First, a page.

Jenna Salvagin Photography
How many people can say they have their dream job? I feel pretty lucky that this statement applies to me. As an extrovert, I get to use my gift of connection to help put my clients at ease in front of my camera. As an artist, I passionately get to document an incredibly important day in the lives of my couples, preserving their story for generations to come. It’s never lost on me how significant and remarkable my work is for others; I’m thankful every day that being a wedding photographer is my calling.
I started my career after I graduated from the School of Visual Arts in 2011. I received my BFA in Photography and specifically worked on portraiture and interiors during my years in school. This obviously translated to my eventual wedding work perfectly. Before I made the jump into full-time wedding photography, I worked as a studio photographer for the furniture and antique gallery Carlton Hobbs, was an intern photographer for Brooklyn Museum (my photograph was on their landing website for eight years!), a gallery assistant at BRIC Contemporary Art and nannied all over Brooklyn; all while pursuing my dream of getting my wedding photography business off the ground. It was a lot of work but so worth it.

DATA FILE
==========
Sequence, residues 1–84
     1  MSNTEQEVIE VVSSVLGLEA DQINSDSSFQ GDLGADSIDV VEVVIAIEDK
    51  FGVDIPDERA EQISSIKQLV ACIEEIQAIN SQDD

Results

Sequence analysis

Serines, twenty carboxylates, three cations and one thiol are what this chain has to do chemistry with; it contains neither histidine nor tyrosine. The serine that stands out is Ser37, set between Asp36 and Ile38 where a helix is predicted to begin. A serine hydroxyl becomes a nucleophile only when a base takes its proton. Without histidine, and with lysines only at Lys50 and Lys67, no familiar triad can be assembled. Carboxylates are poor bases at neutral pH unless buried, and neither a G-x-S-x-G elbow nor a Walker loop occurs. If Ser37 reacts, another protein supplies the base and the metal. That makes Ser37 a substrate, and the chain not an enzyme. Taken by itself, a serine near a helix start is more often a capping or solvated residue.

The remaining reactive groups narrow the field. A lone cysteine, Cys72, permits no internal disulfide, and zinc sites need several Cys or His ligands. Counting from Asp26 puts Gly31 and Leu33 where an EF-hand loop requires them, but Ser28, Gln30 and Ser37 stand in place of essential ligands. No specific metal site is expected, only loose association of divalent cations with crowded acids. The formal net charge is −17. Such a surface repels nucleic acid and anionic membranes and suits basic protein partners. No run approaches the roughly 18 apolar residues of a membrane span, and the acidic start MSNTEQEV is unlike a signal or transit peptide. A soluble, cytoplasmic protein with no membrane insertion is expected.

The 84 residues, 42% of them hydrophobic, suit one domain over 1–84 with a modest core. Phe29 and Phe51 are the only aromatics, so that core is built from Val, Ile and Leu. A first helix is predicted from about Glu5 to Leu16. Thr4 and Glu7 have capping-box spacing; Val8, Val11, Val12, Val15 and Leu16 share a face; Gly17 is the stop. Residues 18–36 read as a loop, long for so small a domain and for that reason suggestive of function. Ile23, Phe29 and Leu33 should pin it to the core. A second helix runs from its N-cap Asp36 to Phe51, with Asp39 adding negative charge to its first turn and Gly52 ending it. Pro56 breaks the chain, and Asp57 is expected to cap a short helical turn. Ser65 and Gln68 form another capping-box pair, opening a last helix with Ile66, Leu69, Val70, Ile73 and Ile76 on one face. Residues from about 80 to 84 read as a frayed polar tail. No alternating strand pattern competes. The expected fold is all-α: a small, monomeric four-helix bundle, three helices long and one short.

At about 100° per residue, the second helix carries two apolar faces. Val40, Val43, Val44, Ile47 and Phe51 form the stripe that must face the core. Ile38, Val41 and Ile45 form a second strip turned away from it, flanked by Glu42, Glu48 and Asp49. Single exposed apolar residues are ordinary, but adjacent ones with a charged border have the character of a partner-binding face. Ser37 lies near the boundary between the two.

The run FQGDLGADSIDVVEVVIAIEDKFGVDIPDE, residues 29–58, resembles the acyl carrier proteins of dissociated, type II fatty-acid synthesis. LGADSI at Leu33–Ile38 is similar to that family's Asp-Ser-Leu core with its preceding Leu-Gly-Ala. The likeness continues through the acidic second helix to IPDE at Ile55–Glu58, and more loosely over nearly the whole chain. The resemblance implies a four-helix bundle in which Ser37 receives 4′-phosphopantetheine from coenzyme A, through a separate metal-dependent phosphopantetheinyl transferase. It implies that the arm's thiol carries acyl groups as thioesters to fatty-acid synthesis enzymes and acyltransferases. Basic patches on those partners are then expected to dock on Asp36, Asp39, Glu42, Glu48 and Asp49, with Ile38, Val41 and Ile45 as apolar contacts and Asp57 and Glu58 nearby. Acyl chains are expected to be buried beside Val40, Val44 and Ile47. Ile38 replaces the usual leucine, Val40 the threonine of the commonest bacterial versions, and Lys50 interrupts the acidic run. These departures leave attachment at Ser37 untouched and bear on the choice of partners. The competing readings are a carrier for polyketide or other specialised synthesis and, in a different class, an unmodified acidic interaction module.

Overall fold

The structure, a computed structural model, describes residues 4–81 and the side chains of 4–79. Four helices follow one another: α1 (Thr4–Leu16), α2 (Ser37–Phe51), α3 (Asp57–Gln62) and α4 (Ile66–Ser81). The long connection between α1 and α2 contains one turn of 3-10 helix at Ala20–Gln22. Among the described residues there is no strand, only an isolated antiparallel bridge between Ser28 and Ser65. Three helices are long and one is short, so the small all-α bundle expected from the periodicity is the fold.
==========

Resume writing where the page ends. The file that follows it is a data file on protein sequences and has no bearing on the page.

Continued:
Now, I now reside in the Hudson Valley and spend my time between the Hudson Valley, New York City, and the Catskills. I have captured many different types of weddings all over the country, and I relish in the diversity I get to experience and document. I am a firm believer in inclusion and enjoy working with clients of all backgrounds, races, gender expressions, sexual orientations, and religions. So be who you are - I’m here for it!
One of the things that make me stand out as a wedding vendor is that I donate a portion of my package price to charity. I believe that using a wedding date to pay it forward in even a small way makes a big difference. In 2016 I started the movement Photographers for Orlando in the aftermath of the Pulse nightclub shooting; which became a nationwide effort from photographers to support the LGBTQ+ community and the victims of the shooting. In that moment, I realized that I could use my photography skills to support larger causes, and I haven’t looked back since. My clients are invited to support either the ACLU, End the Backlog, or the Triple Negative Breast Cancer Foundation.